Come DancingBy the time I reached the last chapter of this novel I realised that Kurt Vonnegut had taken me dancing just as Rabo Karabekian had finally taken Mrs Circe Berman dancingUnforgettable71 year old Rabo sets off to write his autobiography but soon discovers that it has eually become a diary of the summer of its writing in his elegant mansion on Long Island inherited from his recently deceased second wife EdithRabo started his working life as a cartoonist and illustrator devoted much of it to Abstract Expressionism which he tired of and ceased painting but for one last work which tries to fill the gap between facile populist art They are a negation of art They aren't just neutral They are black holes from which no intelligence or skill can escape Worse than that they suck up the dignity the self respect of anybody unfortunate enough to have to look at them and post modernist art works which aren't supposed to mean anything and are about absolutely nothing but themselvesSelf ReflexivenessThere's a nice irony about this self reflexiveness because it's actually a concern of the novel itself which is much and far greater than a run of the mill work of white American male metafiction Rabo the illustrator and painter was an expert if self trained draughtsman you could really draw a skill he largely abandoned when he became part of the New York Abstract Expressionist movement His work reflected meat but not soul and that ultimately is the principal concern of the narrative How can Rabo get his soulgroove his pure essence of human wonder back? The answer might be in the potato barn he has used for a studioThe Anti Modernist MentorRabo's early mentor was Dan Gregory a highly successful master of fake or counterfeit realism much in the style of Norman Rockwell His obituary describes him as possibly the best known American artist in history Gregory knew he had succeeded when he learned to pass a fake bank note for a real one Gregory makes Rabo promise to learn by heart the sentence The Emperor has no clothes He regards modern art as found in the Museum of Modern Art as the work of swindlers and lunatics and degeneratesHow is that for trivia?The Kitsch WriterCirce Berman is actually a popular author of kitsch young adult novels that are useful frank and intelligent but as literature hardly than workmanlike under the pseudonym Polly Madison who is writing a biography of her deceased husband Abe a brain surgeon Rabo talks to her about the most pleasing aspects of being an artist She asks if it is having my first one man show getting a lot of money for a picture the comradeship with fellow painters being praised by a critic?Rabo asks Mrs Berman whether for a writer it is getting great reviews or a terrific advance or selling a book to the movies or seeing somebody reading your book?The Laying on of PaintIt's interesting to contrast painting and writingRabo seems to emphasise the process of painting the laying on of paint Mrs Berman says it's handing in a finished manuscript and never wanting to see it again Regrettably too many post modernist authors rely heavily on critical acclaim or the acclaim of their coterie especially those who derive their primary income from academia or writing courses that duplicate their own style Nowadays of course every novelty is celebrated immediately as a masterpiece Vonnegut while claimed by post modernists as one of their own when trying to assert the importance of their movement is often scorned because of his popular and commercial success ie for developing a large and appreciative audience beyond the coterie the gangSo be itThere Ain't Nothing You Can't DoEarlier an art lecturer says to Rabo Technically speaking there's nothing you can't doI think I think it is somehow very useful and maybe even essential for a fine artist to have to somehow make his peace on the canvas with all the things he cannot do That is what attracts us to serious paintings I think that shortfall which we might call 'personality' or maybe even 'pain' He adds The very first picture in your portfolio told me 'Here is a man without passion' And I asked myself what I now ask you 'Why should I teach him the language of painting since there seems to be absolutely nothing which he is desperate to talk about?' Rabo's last painting remedies this defect except that we can only perceive it in words Initially he describes it as a watchamacallit But eventually he tells us it is a portrait of a happy valley and the people who have been transported there at the end of the war in EuropeBluebeardThe title of the novel comes from a comment by Rabo to Mrs Berman I am Bluebeard and my studio is my forbidden chamber as far as you're concerned But that's not where the novel endsGoodbye It's your turn nowSOUNDTRACKview spoilerDexys Midnight Runners Dance Stance hide spoiler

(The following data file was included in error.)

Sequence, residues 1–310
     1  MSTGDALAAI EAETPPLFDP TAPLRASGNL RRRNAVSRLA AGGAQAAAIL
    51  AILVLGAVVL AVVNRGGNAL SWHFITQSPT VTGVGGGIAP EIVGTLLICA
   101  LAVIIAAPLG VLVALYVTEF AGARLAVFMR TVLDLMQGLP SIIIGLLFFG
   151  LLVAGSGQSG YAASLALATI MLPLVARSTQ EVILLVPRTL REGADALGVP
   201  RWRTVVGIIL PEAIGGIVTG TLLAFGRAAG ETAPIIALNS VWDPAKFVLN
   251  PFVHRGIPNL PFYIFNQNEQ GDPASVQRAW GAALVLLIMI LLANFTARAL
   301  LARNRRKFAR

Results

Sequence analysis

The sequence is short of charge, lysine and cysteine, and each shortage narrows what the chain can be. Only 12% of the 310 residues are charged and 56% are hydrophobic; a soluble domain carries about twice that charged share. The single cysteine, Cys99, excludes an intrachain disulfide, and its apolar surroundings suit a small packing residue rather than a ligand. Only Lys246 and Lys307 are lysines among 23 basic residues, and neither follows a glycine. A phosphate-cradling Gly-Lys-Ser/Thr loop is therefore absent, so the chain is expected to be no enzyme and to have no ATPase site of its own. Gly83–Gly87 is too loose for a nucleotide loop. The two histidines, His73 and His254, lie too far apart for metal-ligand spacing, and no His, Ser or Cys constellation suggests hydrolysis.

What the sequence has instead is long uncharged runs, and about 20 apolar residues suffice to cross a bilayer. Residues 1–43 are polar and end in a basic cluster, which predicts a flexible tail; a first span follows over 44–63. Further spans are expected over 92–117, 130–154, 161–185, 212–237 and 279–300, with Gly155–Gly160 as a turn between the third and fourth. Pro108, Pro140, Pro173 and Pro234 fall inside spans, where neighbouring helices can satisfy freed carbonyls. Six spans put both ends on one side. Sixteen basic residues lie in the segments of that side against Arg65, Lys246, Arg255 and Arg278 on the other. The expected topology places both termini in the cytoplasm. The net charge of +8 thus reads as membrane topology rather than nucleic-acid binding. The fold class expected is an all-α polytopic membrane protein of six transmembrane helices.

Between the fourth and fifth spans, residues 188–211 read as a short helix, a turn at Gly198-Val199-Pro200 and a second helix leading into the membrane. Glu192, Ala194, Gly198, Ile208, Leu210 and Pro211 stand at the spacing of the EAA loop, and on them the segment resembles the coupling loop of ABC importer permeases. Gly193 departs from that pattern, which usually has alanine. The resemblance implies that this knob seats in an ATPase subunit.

7. says: